All of Brink's specific proposals are reasonable. . . . I really like the book . . .
— Arnold Kling
City Journal
Think about the mind-boggling number of e-mails, phone calls, and text messages that Americans send each other every day, and you'll realize that our lives have become more complex and interconnected than ever before. However, some social groups have fallen behind in the increasingly complex modern economy. In his short and highly readable book, Brink Lindsey tries to explain why this happened and what can be done about it.
— Dalibor Rohac
Sunday Times
Fascinating. . . . Lindsey suggests the problem of inequality is even more intractable than the pessimists had thought. He argues that the leitmotif of the post-industrial economy is growing complexity: there is more knowledge to acquire, more institutions to deal with and more choices to make. Success increasingly depends on your ability to master complexity, which in turn depends on your ability to master abstraction.
— Adrian Wooldridge
Forbes.com
Brink argues that there's plenty of potential for growth at the top of the economy, as reflected in the growing college wage premium. The problem is that even as the financial rewards to education continue to grow, the fraction of the population graduating from college has stagnated. . . . [I]nteresting . . .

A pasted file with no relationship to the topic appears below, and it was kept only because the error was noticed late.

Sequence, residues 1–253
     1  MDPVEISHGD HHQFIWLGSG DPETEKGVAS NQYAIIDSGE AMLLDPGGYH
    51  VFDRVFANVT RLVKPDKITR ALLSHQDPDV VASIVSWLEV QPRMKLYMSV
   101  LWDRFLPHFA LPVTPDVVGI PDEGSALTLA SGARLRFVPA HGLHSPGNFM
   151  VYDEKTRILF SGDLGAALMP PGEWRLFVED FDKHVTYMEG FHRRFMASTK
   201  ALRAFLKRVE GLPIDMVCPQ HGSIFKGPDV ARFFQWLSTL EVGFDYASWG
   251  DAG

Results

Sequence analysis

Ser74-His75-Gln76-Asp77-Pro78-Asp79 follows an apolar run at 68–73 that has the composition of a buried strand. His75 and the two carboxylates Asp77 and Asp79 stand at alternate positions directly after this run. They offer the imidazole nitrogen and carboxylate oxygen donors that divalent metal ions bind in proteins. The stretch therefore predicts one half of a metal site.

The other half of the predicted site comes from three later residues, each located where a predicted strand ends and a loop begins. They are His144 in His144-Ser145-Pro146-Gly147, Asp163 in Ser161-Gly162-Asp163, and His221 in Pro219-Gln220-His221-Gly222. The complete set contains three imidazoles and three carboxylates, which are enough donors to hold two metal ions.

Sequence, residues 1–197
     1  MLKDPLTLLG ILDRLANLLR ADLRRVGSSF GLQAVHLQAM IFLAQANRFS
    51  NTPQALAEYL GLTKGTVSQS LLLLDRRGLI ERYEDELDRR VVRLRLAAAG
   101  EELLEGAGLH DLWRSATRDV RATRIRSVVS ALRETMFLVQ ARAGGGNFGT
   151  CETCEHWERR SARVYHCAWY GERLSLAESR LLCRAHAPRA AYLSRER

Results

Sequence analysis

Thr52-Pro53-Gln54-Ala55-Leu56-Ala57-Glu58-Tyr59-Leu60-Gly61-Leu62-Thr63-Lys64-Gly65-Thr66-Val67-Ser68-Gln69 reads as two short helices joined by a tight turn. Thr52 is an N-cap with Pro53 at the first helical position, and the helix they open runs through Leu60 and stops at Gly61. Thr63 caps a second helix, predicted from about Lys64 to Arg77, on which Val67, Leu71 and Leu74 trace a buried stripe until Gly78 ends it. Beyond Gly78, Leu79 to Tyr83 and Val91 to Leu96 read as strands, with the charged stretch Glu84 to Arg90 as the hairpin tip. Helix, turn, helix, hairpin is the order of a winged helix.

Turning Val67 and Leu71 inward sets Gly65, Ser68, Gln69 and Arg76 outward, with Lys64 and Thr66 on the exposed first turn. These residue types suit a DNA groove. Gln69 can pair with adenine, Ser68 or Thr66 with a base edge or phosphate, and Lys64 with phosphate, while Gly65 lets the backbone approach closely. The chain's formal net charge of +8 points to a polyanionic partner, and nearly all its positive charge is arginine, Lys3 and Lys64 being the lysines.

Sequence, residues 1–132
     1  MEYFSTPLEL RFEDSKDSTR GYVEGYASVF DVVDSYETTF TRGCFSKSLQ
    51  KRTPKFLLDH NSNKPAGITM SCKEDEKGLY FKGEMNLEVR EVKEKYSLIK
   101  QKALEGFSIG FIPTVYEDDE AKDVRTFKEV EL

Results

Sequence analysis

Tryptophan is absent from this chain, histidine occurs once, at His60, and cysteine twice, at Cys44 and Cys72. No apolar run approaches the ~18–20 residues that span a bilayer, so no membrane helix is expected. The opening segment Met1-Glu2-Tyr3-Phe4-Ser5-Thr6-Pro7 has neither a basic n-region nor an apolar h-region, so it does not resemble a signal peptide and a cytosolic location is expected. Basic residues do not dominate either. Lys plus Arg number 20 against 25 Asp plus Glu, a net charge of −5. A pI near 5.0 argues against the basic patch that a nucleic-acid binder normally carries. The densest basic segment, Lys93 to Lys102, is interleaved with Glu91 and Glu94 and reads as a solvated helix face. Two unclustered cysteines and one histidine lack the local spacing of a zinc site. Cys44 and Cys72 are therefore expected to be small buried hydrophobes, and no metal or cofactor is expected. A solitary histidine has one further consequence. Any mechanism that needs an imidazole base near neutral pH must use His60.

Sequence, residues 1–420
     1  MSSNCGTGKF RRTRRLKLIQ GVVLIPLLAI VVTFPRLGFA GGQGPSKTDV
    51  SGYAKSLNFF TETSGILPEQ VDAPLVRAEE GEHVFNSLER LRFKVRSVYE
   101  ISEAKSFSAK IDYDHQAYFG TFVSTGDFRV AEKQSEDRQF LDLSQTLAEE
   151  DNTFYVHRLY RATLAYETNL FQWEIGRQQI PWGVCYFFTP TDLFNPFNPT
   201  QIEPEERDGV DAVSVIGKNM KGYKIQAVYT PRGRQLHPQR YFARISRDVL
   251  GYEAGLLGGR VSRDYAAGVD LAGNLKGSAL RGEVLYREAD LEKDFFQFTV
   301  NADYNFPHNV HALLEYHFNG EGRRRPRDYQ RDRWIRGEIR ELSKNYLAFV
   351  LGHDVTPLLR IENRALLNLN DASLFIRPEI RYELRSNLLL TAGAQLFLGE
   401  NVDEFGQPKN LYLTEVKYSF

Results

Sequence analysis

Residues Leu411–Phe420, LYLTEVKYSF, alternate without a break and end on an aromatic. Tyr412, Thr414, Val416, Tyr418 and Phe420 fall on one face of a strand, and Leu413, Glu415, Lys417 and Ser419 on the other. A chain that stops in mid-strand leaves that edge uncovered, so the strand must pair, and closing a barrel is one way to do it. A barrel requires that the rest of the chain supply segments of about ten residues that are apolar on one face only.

— Timothy B. Lee
Wall Street Journal - Barton Swaim
Mr. Lindsey, formerly with the Cato Institute, is one of the most engaging libertarian writers. Here he seeks to address a much-talked about problem: While many Americans are becoming wealthier by joining the ranks of 'managers, professionals and entrepreneurs,' and the working class is not shrinking, those who remain in the dwindling middle find it harder to break into the so-called knowledge economy. . . . [I]t takes a special kind of talent to write about public policies like these in a way that doesn't put you to sleep, and he has that talent.
Econlog - Arnold Kling
All of Brink's specific proposals are reasonable. . . . I really like the book . . .
Sunday Times - Adrian Wooldridge
Fascinating. . . . Lindsey suggests the problem of inequality is even more intractable than the pessimists had thought. He argues that the leitmotif of the post-industrial economy is growing complexity: there is more knowledge to acquire, more institutions to deal with and more choices to make. Success increasingly depends on your ability to master complexity, which in turn depends on your ability to master abstraction.
Economist.com's Free Exchange blog
It's short and cheap and very interesting, and I recommend it. . . . I find Mr. Lindsey's emphasis on complexity and networks very appealing.
City Journal - Dalibor Rohac
Think about the mind-boggling number of e-mails, phone calls, and text messages that Americans send each other every day, and you'll realize that our lives have become more complex and interconnected than ever before. However, some social groups have fallen behind in the increasingly complex modern economy. In his short and highly readable book, Brink Lindsey tries to explain why this happened and what can be done about it.